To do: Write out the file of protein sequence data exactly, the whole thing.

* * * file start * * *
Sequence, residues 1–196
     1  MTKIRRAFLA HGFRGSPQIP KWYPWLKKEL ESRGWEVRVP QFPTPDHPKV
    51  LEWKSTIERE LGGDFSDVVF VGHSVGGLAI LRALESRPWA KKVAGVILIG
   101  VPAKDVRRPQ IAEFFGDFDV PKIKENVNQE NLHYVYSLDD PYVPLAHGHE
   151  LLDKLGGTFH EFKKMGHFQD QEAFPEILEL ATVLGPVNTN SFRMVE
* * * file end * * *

Sequence, residues 1–196
     1  MTKIRRAFLA HGFRGSPQIP KWYPWLKKEL ESRGWEVRVP QFPTPDHPKV
    51  LEWKSTIERE LGGDFSDVVF VGHSVGGLAI LRALESRPWA KKVAGVILIG
   101  VPAKDVRRPQ IAEFFGDFDV PKIKENVNQE NLHYVYSLDD PYVPLAHGHE
   151  LLDKLGGTFH EFKKMGHFQD QEAFPEILEL ATVLGPVNTN SFRMVE